For Jenny, each new challenge was an opportunity for personal growth. A shining moment came during the Innovation Night that she and others had organized for author William Kamkwamba. That evening, families poured into Windsor High School to visit the many booths that had been set up outside the auditorium and stayedto hear him speak. The event was hugely successful and cemented Jenny’s belief that, “libraries are an anchor in the community.”


Jenny chats with the 2023 Clearview Reads guest speaker, Nina Kunze, author of “Anna Wolfrom Dove and The Wigwam Tea Room”.

Today, Jenny is nearing completion of a master’s degree in science and nutrition from CSU. Once completed, she plans to conduct research. In the meantime, she continues to energize the foundation membership. In her words, “Every library needs a fan club.” Her desire is that the Clearview Library District will thrive well into the future. To that end, Jenny tells herself every day, “Don’t worry so much; people will be there for you.” That is one thing her service to the library has shown her time and again.

Event Highlights
Meetings on library land sale offer
 The Clearview Library Board of Directors continued to discuss some of the options the town has offered. Thanks go out to the many library supporters and Friends who have attended the ongoing meetings and voiced their support for the library.  

Holiday Fundraiser
 During October, the Friends collected used books and held a “Wrap and Chat” event on October 29th, where volunteers readied the various donations—from classics to holiday stories—to sell during the holiday season.

Foundation Board members Joann and ToniRae prep books for the Blind Date with a Book fundraiser; Deb, a volunteer, helps as well.

Volunteers wrapping books for the Fundraiser.

Beautifully wrapped books for the Blind Date with a Book Fundraiser all ready to go!


 The Friends & Foundation held its annual membership party at the library on Nov. 3. In addition to pie, wine, and coffee for everyone to enjoy, Pat Weakland from Windsor's Heart Distillery hosted a talk on whiskey tasting.  Look for a recap of the event with pictures in the January newsletter.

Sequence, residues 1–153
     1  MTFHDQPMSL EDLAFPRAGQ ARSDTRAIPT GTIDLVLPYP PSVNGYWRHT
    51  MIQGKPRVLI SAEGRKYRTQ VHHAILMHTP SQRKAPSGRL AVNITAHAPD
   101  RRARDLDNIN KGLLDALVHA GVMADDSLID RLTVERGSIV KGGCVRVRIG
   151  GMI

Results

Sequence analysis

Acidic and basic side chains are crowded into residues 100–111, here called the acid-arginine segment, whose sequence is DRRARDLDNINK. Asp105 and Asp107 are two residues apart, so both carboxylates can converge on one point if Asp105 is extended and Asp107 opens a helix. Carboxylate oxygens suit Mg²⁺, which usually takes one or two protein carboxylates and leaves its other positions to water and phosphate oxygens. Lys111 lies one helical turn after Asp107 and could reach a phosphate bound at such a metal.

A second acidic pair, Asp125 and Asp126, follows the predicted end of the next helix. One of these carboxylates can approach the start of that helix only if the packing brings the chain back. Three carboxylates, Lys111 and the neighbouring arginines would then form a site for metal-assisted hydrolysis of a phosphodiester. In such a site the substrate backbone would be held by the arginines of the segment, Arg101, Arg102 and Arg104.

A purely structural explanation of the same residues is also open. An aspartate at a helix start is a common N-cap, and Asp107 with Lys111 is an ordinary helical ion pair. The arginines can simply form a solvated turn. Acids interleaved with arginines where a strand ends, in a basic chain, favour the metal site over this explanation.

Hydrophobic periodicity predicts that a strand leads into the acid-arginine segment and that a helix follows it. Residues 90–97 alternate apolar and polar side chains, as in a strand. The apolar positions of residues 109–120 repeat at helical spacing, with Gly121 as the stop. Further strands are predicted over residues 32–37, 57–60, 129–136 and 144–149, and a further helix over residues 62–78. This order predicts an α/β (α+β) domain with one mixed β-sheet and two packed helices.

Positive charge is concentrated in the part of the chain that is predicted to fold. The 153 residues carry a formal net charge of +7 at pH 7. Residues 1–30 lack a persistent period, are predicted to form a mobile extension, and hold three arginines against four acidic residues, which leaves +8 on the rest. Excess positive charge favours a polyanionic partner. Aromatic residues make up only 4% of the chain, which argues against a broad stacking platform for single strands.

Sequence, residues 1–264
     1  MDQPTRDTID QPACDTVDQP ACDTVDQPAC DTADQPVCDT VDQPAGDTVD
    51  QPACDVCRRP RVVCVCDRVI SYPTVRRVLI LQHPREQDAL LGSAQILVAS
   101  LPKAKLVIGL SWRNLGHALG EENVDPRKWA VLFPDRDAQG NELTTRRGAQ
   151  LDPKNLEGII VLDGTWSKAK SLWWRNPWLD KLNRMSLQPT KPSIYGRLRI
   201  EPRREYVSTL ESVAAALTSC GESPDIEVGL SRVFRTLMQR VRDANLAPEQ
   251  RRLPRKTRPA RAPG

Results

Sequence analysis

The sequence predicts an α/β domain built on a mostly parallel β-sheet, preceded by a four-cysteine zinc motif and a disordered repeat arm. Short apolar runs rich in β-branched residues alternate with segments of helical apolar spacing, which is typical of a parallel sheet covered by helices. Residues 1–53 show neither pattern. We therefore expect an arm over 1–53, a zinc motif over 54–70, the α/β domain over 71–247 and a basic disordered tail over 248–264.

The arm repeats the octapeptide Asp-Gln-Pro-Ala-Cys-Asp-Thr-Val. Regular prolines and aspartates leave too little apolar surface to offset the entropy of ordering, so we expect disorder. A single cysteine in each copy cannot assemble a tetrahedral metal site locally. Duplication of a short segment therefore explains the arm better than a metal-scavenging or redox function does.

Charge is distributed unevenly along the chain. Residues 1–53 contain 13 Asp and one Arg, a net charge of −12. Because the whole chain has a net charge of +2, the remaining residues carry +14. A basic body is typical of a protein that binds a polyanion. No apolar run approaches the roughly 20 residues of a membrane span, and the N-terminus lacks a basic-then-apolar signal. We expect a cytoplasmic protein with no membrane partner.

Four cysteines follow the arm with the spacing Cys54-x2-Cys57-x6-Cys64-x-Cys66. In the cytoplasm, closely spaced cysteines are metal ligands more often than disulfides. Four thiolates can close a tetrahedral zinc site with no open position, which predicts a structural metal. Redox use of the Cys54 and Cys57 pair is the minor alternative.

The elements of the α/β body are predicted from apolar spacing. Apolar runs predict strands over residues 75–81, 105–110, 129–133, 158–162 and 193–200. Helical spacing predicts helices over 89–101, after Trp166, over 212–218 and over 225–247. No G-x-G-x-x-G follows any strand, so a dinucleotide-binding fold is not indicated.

Watch for. . .

 Blind Date with a Book” $10 packages on sale now and throughout December.
Looking for a quick holiday gift for your book-loving friends or kids? Stop by the Friends used book corner at the library. Each package contains a gently used book with a teaser description written on the wrapping. Money raised goes to support our library.

Colorado Gives Day is December 5. This is one of the biggest opportunities to show support for non-profits throughout Colorado, and the Friends & Foundation participates. Early giving opened November 1. Please keep us in mind when making your donations.

 Mark your calendars for another Clearview Reads Author Talk coming in April 2024! We will be welcoming Sarah Penner, author of The Lost Apothecary and The Seance Society Club.

Two Favorite Books
The Art Thief: A True Story of Love, Crime, and a Dangerous Obsession by Michael Finkel
By Barbara Jones

This is the story of Stéphane Breitwieser—the most prolific art robber in history. From 1994 to 2001, Breitwieser stole over 300 works of art from museums and churches in France, Belgium, Germany, Switzerland, and the Netherlands. In broad daylight. During visiting hours. And he did not have a profit motive; he never sold a thing. He considered himself a liberator of imprisoned art, and the pieces he stole were for his own aesthetic pleasure.

Breitwieser had an encyclopedic knowledge of art from his extensive research and an exceptional ability to assess and evaluate security systems. With his girlfriend as a lookout, the brazen thefts sound almost effortless, which speaks to security system flaws as well as people’s weak observational skills. But this book is about more than Breitwieser’s acquisitions. Finkel explores the relationships between Breitwieser and his parents, as well as with his girlfriend, his obsessive personality, and the ultimate consequences of the thefts for the people involved and the artworks themselves. He poses questions about public access to art, offers art history education through photographs of the stolen pieces, and explains the investigative challenges law enforcement faces. All this in a book that reads like a novel.